A giant beanstalk brings Jack to a land in the clouds filled with snarling, evil beasts. When the creatures make their way to the ground, Jack must figure out how to get back down before they destroy earth and everyone in it.
In 5th Century Britian, a young Merlin struggles for his place in his known land under the tutelage of The Mage, a local wizard whom sees the young man's potential for magic, as well as ... See full summary »
A family moves in to look after the Winchester mansion for a few months, and soon find themselves terrorized by vengeful spirits. With the help of a paranormal investigator they'll unravel the mystery of the house.
In the year 2045, a L.A.P.D. detective and his new Android partner enter the Zone, which is a forbidden section of the city plagued with an unknown disease. Together, they discover the reason everyone is sick, and try to stop the illness.
Michael Jai White,
Starting life as a school project while future DV horror honcho Mark Atkins was still a student at Rollins College in Florida's Winter Park, NIGHT ORCHID looks and sounds way more professional than its humble origins would suggest. This becomes all the more impressive considering the director turned to family and friends to fill out cast and crew. Lush cinematography by uncle Paul, already a veteran DoP of TV nature programs, proves a particular asset, mining the vast and deserted Florida landscapes for maximum mood. Acting by concise but accomplished cast doesn't count a single amateurish line reading among its ranks. For the record and by way of contrast, lest you should think I'm prone to excessive leniency, I watched this on a lazy afternoon DVD double bill with Spanish horror flick THE NUN, the filmmaking first from Jaume Balaguero's regular editor Luis de la Madrid, a highly atmospheric little number featuring some of the worst ensemble acting by an entire cast it has ever been my misfortune to endure. Remember, this comes from the guy who watches tons of porno, so there's a benchmark for you !
Apparently out of thin air, enigmatic drifter Clay Doyle (strikingly handsome Dale Paris, who had a small role in Troy Beyer's self-indulgent LET'S TALK ABOUT SEX) materializes in the minute hamlet of Ochopee, FL. Unbeknownst to the town's weary inhabitants who figure he's just been let out of jail, he actually harbors a decidedly darker secret which makes it nearly impossible for him to stay in one place too long. As he explains in film's opening voice-over, places "talk" to him as he bears involuntary witness to their invariably violent past through visions that arrive without warning. A wiz with motors, he finds a job at the garage run by burly Bert McCord (played by the director's dad, Thomas Radcliffe Atkins) as well as room and board with his new employer's longtime friend - and suggested erstwhile girlfriend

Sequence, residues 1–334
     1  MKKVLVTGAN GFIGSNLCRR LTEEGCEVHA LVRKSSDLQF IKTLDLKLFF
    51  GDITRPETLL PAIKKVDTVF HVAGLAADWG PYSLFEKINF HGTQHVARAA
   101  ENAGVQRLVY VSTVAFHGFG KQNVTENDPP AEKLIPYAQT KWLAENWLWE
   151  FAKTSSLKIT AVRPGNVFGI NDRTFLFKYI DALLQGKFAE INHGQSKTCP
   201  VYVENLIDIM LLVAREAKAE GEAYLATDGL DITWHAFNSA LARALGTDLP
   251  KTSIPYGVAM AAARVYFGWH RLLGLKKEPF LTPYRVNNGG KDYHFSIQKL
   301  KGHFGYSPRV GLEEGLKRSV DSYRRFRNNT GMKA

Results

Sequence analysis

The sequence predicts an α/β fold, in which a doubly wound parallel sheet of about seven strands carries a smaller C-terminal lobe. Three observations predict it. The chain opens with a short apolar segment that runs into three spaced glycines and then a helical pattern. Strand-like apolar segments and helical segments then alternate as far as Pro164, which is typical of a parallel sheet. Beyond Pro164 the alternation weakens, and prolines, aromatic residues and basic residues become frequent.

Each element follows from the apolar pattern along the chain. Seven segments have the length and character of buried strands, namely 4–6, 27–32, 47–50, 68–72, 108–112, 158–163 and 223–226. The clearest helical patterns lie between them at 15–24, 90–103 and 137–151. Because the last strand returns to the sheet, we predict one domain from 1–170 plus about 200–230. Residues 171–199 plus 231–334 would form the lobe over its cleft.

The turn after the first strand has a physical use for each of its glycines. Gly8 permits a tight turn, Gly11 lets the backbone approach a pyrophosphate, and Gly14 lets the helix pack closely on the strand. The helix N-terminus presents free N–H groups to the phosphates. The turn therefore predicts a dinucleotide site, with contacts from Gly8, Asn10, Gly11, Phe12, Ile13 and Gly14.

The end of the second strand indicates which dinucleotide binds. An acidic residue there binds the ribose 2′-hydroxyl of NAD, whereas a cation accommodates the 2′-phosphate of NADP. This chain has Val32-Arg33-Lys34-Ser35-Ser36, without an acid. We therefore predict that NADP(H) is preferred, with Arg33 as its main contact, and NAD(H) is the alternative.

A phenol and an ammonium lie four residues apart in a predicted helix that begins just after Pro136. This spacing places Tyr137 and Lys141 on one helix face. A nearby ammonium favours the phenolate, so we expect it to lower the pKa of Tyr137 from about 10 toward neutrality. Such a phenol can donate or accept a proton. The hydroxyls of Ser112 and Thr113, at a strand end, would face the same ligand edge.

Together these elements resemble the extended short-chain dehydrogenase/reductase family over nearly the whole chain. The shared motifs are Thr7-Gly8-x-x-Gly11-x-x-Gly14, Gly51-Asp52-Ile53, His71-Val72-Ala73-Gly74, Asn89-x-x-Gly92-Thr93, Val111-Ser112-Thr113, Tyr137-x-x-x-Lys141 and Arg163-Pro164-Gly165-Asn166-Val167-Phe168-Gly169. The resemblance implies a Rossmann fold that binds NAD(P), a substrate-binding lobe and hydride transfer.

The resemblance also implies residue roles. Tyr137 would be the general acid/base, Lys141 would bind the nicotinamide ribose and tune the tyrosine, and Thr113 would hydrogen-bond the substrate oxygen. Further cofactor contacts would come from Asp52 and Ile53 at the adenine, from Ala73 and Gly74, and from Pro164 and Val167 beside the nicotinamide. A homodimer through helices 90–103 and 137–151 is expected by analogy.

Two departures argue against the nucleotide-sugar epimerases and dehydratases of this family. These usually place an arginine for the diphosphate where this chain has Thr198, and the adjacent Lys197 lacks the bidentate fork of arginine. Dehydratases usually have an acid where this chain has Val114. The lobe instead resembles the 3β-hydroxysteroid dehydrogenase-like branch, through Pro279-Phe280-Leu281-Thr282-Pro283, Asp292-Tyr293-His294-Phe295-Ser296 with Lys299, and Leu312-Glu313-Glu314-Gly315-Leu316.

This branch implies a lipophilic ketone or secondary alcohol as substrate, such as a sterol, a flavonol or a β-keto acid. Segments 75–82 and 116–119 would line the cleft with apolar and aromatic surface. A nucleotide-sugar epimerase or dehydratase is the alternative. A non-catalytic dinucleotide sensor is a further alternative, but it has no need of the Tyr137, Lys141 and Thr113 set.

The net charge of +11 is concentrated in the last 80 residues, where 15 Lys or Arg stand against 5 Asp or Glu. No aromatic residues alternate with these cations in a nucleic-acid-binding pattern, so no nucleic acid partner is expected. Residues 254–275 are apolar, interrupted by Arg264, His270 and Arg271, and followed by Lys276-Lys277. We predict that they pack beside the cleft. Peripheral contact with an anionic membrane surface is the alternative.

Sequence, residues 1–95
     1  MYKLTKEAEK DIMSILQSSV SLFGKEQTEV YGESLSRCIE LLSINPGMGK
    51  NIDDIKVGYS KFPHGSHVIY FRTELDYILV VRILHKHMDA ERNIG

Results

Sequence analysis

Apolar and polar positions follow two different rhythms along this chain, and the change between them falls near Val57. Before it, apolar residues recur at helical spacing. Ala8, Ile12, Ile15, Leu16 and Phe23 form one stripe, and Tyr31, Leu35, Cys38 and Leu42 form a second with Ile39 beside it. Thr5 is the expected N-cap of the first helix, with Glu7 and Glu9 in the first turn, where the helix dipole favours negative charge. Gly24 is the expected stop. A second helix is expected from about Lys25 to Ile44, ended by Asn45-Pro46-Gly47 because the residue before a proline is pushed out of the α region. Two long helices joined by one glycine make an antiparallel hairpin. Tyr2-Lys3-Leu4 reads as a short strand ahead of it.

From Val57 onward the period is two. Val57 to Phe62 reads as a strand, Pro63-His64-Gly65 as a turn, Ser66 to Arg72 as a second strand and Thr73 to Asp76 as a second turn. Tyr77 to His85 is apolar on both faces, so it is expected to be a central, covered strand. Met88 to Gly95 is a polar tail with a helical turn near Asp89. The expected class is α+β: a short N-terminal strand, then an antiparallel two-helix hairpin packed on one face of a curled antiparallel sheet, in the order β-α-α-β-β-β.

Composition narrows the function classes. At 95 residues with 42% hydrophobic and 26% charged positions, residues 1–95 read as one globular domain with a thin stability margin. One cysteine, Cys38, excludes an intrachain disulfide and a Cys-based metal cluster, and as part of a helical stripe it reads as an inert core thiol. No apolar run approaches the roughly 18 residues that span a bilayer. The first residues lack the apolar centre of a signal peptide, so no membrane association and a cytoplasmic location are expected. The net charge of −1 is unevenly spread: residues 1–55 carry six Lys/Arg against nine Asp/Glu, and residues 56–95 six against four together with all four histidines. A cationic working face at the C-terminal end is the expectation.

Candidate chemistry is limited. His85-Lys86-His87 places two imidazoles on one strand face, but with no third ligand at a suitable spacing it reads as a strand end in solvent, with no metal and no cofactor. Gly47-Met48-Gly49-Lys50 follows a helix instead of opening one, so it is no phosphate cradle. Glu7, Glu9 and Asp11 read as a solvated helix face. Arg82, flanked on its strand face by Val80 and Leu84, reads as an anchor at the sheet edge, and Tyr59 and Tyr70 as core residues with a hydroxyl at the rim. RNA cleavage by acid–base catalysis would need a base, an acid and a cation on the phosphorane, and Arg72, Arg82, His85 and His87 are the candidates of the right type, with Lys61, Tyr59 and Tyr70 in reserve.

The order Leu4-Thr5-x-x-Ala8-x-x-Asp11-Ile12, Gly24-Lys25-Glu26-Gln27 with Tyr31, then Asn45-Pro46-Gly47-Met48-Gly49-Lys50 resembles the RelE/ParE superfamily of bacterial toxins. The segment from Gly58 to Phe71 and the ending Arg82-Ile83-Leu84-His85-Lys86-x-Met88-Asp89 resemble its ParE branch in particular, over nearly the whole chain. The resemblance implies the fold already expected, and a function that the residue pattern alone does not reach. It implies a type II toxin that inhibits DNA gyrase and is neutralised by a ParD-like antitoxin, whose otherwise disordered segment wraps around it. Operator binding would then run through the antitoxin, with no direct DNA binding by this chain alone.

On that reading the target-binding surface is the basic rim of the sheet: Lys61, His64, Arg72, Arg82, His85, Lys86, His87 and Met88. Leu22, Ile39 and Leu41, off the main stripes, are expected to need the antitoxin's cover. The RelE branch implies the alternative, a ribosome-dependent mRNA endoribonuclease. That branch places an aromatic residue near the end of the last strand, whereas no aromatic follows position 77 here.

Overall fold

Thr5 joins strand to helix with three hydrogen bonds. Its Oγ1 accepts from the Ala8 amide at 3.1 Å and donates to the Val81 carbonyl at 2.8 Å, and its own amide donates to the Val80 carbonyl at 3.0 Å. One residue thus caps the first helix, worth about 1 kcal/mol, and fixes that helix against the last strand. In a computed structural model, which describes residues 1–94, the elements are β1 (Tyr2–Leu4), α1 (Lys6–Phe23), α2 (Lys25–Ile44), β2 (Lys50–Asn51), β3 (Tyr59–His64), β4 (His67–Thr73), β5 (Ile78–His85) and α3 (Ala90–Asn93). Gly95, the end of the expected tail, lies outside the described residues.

June Mabel, vividly portrayed by the physically imposing Mary Ellen
O'Brien, who doubled as movie's casting director. Life seems peacefully tranquil for a while. Meeting inscrutable Sarah Miller (the appealing Alyssa Simon who looks refreshingly like a real person rather than your typical airbrushed Hollywood hottie), a girl he swears he has seen before and who lives all by herself in a massive mansion overlooking an orange grove in the hills, Clay falls head over heels in love and the feeling appears blissfully mutual. Only problem is that Sarah actually went missing without trace over 30 years ago and her house has been deserted ever since ! Relying on his paranormal gift, Clay goes about attempting to solve the mystery.
Last line of my synopsis points towards flick's sore spot. Tailoring his otherwise astute script to fit a modest collection of characters he could find actors for, Atkins found himself ultimately left without much of a mystery. Considering plot's time frame, the culprit can only logically be one of three people so it's down to a process of elimination which plays out a tad too mechanically at the climax where the villain's revealed as literally the last one standing. Too tentatively paced at 105 minutes, the movie takes its merry time to get where it's going and could stand to lose half an hour or so. Still, whenever the film actually works, it sings. The mood of a small town where just about everyone has a skeleton in the closet is eloquently evoked through writing and acting, both of which are spot on most of the time. The Theater Department Chair at Rollins College, S. Joseph Nassif, provides a most memorable turn as Clay's jolly fellow mechanic Able who can turn nasty in a split second, drunkenly leering over the town's alleged scarlet woman, the wrongfully accused Lucy (admirably played by Rachel Carter who co-starred with scream queens Linnea Quigley and Brinke Stevens in Steve Latshaw's endearingly ropey slasher JACK-O), as he drives her home following a narrow escape from her abusive ex-boyfriend, the latter portrayed by a perfectly reprehensible Keith Hudson - from the Paris Hilton debacle PLEDGE THIS! - with the director himself supplying an amusing Hitchcock cameo as one of his idiot sidekicks. On the other hand, Larry Robinson - ironically by far the film's most experienced thespian with an extensive TV background stretching back all the way to the '50s - lets the side down slightly with an excessively emphatic performance as the mentally deficient black handyman Caleb Williams the townspeople seek to frame for Sarah's disappearance with unfortunate traces of Stepin Fetchit.
0 of 0 people found this review helpful.
Was this review helpful to you?